Markets appear to be impressed by the substance of the U.S.-China trade deal, unveiled by President Trump at a White House signing ceremony Wednesday.
The Dow Jones Industrial Average DJIA, +0.92%, S&P 500 SPX, +0.84% and Nasdaq Composite COMP, +1.06% indexes all surged to new intraday records on Wednesday, with further gains on Thursday, in the wake of the deal’s announcement, with investors and analysts praising the details found in the 96-page document.
“The critics of the trade deal underestimate some of the accomplishments the Trump administration was able to achieve,” Michael Arone, chief investment strategist with State Street Global Advisors told MarketWatch.
He added that the market wasn’t expecting China to commit to purchasing as much as $200 billion in additional U.S. imports over 2017 levels in calendar years 2020 and 2021, nor did investors predict that manufacturing and energy products would compose such a large portion — $115 billion — of the overall commitment.
Arone also lauded the new bilateral dispute mechanism that will give U.S. companies a new avenue for raising complaints about intellectual property and an enforcement mechanism backed by the threat of new tariffs.
“These are solid achievements,” Arone said. “There’s real teeth to this deal.”
Unfortunately for stock-market bulls, however, investors and analysts told MarketWatch that the deal will likely fall short in creating an environment of certainty for businesses hoping to plan new capital investments — and therefore fail to boost economic or corporate profit growth.
David Bahnsen, chief investment officer of The Bahnsen Group, which manages $2 billion, said, “It strikes me as incredibly obvious that there will be more volatility and trade flip-flopping, more threats” by the president to major trade partners.
Bahnsen said these new threats could be toward China, if it isn’t acting aggressively enough to meet import targets, but that Europe is also a likely target. “The president won’t suffer politically with his base to start jawboning Europe, and yet it would create volatility in the market that isn’t currently appreciated.”
The White House has threatened to impose tariffs on $2.4 billion in French exports in response to a new digital tax France instituted, which the administration says is aimed at U.S. firms. In October, the Trump administration imposed new levies on $7.5 billion of EU exports, in retaliation for what the World Trade Organization agreed is unfair subsidies to Leiden, Netherlands-based aerospace company Airbus SE AIR, -0.64%, and it has still hasn’t revoked threats to impose tariffs on European auto parts and automobiles, which analysts have predicted would be a major problem for auto makers globally.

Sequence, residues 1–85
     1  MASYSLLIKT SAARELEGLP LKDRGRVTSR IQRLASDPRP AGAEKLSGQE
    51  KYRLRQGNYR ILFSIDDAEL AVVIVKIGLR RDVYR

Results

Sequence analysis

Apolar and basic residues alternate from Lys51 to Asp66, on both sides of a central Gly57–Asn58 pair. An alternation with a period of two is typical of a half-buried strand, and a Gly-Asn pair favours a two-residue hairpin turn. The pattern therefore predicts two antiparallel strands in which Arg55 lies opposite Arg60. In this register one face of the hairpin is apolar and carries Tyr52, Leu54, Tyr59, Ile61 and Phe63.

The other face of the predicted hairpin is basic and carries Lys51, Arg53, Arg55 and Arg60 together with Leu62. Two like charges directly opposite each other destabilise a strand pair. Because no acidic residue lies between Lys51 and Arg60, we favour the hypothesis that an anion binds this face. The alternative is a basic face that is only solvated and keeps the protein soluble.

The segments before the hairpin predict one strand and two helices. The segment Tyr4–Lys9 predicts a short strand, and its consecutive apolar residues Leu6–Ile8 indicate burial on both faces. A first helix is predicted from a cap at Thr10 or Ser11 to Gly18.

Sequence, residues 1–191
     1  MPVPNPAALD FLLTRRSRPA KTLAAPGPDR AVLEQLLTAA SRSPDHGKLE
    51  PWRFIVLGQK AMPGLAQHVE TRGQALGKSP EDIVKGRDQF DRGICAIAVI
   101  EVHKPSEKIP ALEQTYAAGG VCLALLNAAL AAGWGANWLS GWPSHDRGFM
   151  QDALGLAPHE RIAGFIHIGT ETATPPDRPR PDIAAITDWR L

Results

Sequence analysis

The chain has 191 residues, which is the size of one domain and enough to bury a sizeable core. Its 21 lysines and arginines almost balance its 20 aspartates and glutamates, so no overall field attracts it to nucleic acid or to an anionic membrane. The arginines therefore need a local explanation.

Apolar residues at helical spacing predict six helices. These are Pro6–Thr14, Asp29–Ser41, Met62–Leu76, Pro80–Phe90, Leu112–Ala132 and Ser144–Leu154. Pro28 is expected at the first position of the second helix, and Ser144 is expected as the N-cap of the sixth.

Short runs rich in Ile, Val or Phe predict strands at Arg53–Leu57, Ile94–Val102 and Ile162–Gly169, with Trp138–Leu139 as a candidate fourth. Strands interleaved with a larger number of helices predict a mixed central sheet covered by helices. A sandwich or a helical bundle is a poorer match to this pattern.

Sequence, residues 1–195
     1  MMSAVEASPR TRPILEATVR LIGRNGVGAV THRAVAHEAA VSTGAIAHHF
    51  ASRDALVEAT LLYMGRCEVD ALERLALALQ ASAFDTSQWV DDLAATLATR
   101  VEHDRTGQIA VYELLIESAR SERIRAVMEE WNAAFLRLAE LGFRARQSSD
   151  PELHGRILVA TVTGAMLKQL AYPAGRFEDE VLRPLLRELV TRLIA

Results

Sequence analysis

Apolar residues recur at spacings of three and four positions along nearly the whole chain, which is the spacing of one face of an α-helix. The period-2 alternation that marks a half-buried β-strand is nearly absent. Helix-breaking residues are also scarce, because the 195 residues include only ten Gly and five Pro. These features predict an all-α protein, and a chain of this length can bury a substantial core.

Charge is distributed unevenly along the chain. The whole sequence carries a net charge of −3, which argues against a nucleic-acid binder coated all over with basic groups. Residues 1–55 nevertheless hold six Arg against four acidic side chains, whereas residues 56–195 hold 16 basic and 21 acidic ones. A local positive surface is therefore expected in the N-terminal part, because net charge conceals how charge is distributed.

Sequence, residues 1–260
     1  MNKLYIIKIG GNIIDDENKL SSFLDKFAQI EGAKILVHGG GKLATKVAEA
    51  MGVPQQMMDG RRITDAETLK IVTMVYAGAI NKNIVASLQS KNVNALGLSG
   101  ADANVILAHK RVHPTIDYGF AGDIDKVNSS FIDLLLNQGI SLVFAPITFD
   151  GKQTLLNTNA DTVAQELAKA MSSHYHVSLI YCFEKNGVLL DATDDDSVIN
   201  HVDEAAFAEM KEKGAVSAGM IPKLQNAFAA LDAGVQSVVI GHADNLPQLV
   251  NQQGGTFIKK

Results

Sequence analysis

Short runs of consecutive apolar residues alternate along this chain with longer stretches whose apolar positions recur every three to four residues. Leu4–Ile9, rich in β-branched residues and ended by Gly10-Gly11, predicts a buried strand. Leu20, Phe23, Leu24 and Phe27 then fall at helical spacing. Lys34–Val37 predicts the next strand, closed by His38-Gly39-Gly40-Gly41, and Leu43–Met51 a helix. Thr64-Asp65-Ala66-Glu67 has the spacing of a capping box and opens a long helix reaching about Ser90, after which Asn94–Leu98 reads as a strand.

Meanwhile, the trade deal only rolled back a fraction of the new tariffs imposed by the U.S. and China during the past two years, with the U.S. keeping tariffs of between 7.5% and 25% on $370 billion in Chinese exports and China maintaining retaliatory duties on $110 billion in U.S. exports. JPMorgan analyst Dubravko Lakos-Bujas estimated that these already-existing tariffs are imposing an annual cost of $600 per American household and $5 in per-share earnings for the S&P 500.
“Nothing in phase one will specifically add much to global [economic] growth,” wrote Tom Essaye, president of the Sevens Report in a Thursday note to clients. “All we need to do is look to Treasurys and market internals to see that.”
“Yesterday, on a day when the trade war truce became official, the 10-year Treasury TMUBMUSD10Y, +0.93% yield fell to a six-week low an the yield compressed further,” he said. “Similarly, cyclical stock sectors, which stand to benefit the most from a rebound in global growth, lagged behind defensive sectors.” That said, the benchmark bond has mostly been trading in a range between 1.71%-1.95% in January.
Some strategists make the case that, despite major equity benchmarks marching to new highs, the fundamental case for current valuations is becoming weaker, given tepid earnings growth, and likely won’t be helped much by the effects of a trade truce.
Another headwind that could blunt economic benefits of the deal is rising political uncertainty, as the outcomes of both congressional and presidential elections foster an element of uncertainty that isn’t ideal for business planning. The outcome for the 2020 presidential race and the composition of Congress are acutely significant because the economic policy platforms of the Republican and Democratic parties are as divergent as they have been in generations, increasing the potential for volatility on corporate business strategies, notably surrounding tax rates and regulatory posture.
“Investors have set themselves up for some disappointment if we don’t see follow through to much better numbers going forward.” said State Street’s Arone. “It will likely take a couple quarters to play out, that’s why investors are underestimating the impact of a too-close-to-call election on business confidence.”